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UN Women and IOM in Cox’s Bazar partnered to conduct this research which presents a critical exploration of gendered social norms among the Rohingya community in Cox’s Bazar and concludes with key reflections and guiding questions for practitioners working in response interventions in Cox’s Bazar to improve programmes with respect to sensitivity surrounding social norms.
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A new guideline “Cash & Voucher Assistance and Gender-Based Violence Compendium: Practical Guidance for Humanitarian Practitioner” is to be finalized by May 2019. The guidance was developed through the efforts of 15 NGO and UN organizations who contributed expertise in the inception, design and review of the document.
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The UN Women Evaluation Policy came into effect in January 2013 and a new Strategic Plan (2014-2017) was endorsed in September 2013. A landmark System-Wide Action Plan (UN-SWAP) on gender equality and women's empowerment was also adopted that requires annual reporting against a performance indicator on gender-responsive evaluation. Given the decentralized nature of the organization, the majority of the evaluations supported by UN Women are managed at a decentralized level. On average, in Asia...
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Given the decentralized nature of the organization, the majority of the evaluations supported by UN Women are managed at a decentralized level. To address the organizational demands for good quality and credible evaluations particularly at decentralized level, in 2013, the UN Women’s Independent Evaluation Office (IEO) introduced the Global Evaluation Reports Assessment and Analysis System (GERAAS). GERAAS is an approach to rating evaluation reports using UN Women, UN Evaluation Group...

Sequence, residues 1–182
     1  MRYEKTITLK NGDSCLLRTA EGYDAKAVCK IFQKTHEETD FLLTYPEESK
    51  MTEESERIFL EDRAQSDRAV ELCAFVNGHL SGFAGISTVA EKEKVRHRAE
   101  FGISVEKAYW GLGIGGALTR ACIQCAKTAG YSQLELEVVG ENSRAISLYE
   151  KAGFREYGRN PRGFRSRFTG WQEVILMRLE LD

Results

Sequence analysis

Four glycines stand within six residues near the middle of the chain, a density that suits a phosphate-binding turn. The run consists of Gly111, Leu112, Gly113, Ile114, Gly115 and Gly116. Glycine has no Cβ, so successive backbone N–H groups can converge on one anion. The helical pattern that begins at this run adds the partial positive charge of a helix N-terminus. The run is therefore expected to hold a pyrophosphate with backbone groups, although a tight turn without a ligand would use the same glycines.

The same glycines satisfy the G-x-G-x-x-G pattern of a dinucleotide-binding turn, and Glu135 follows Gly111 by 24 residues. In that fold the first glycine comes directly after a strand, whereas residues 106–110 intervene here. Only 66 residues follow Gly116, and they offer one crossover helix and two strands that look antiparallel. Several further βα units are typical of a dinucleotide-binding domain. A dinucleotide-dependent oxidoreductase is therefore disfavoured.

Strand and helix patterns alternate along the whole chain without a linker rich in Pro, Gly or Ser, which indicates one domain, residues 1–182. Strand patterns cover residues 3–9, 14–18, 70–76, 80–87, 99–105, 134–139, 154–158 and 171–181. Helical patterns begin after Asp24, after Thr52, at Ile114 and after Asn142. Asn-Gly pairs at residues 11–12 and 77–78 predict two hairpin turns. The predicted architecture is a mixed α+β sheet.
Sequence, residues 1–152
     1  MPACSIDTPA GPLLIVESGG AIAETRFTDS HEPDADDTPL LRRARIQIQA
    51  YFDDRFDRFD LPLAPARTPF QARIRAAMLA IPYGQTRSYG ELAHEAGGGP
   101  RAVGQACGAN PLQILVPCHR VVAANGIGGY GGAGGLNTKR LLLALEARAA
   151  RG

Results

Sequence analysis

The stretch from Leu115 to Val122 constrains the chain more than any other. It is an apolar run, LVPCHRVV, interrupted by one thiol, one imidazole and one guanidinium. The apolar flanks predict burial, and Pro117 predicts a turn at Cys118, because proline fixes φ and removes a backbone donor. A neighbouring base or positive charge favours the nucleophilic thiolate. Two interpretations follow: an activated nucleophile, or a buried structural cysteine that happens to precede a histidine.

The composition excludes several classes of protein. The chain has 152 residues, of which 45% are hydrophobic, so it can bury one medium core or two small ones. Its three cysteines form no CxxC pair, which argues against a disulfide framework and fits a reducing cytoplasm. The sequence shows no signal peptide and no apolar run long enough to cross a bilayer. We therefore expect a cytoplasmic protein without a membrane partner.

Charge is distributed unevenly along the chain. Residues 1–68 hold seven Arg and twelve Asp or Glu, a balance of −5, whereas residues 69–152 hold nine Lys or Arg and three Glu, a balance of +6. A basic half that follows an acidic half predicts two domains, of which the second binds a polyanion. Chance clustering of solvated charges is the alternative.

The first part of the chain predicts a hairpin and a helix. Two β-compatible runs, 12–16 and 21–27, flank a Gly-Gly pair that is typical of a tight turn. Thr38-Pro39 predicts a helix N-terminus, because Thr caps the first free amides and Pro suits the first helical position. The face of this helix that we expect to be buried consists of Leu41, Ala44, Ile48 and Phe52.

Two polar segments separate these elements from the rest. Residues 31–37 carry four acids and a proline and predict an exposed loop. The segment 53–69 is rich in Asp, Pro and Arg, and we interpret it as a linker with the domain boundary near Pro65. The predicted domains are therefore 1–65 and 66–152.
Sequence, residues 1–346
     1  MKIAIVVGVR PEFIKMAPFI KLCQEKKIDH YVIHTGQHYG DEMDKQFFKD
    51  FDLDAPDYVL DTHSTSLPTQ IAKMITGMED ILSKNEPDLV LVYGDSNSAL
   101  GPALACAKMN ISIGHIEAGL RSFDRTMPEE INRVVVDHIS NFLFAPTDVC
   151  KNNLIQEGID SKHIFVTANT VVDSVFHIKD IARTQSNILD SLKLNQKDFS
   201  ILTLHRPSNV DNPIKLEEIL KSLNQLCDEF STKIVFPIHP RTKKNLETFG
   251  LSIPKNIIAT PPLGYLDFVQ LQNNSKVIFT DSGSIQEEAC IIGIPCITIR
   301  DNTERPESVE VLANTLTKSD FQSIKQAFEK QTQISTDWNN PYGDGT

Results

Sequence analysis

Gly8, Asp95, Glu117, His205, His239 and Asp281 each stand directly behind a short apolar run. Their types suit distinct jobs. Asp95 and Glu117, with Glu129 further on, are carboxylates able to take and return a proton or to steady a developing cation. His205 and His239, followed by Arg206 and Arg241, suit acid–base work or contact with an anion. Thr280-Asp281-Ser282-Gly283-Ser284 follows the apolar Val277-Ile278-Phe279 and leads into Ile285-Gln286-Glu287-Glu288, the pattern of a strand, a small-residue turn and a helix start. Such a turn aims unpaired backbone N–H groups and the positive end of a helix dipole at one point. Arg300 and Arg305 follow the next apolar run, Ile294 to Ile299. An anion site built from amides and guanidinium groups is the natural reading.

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In addition to the quality assessment of individual reports, the GERAAS system requires a Meta-Analysis of evaluations to capture the key insights from evaluation reports rated ‘satisfactory’ or above according to UN Women standards. This ensures that the body of evidence produced by corporate and decentralized evaluations are synthetized and used to inform corporate-level and decentralized policies and strategies. Whereas the Meta-Evaluation provides a rating of the quality of...
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This paper endeavors to compile good practices, challenges and to strengthen the capacity of National Women’s Machineries for monitoring implementation of CEDAW and BPFA.
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A situation Report on ''Nepali women in the Middle East-2013'' has been jointly published by Nepal Institute of Development Studies and Non Resident Nepalese Association with support of UN Women and European Commission. The study has extracted the factors and facts related to women migrant workers. The study has been conducted in the four major destinations of women migrant workers namely Saudi Arabia, Kuwait, UAE and Lebanon. The report shows that currently 1,174,154 women migrant workers are...
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This report tracks the progress made by women in South Asia in areas such as violence against women, and economic empowerment. This was the base document for the Seventh South Asia Regional Ministerial Conference in October 2010.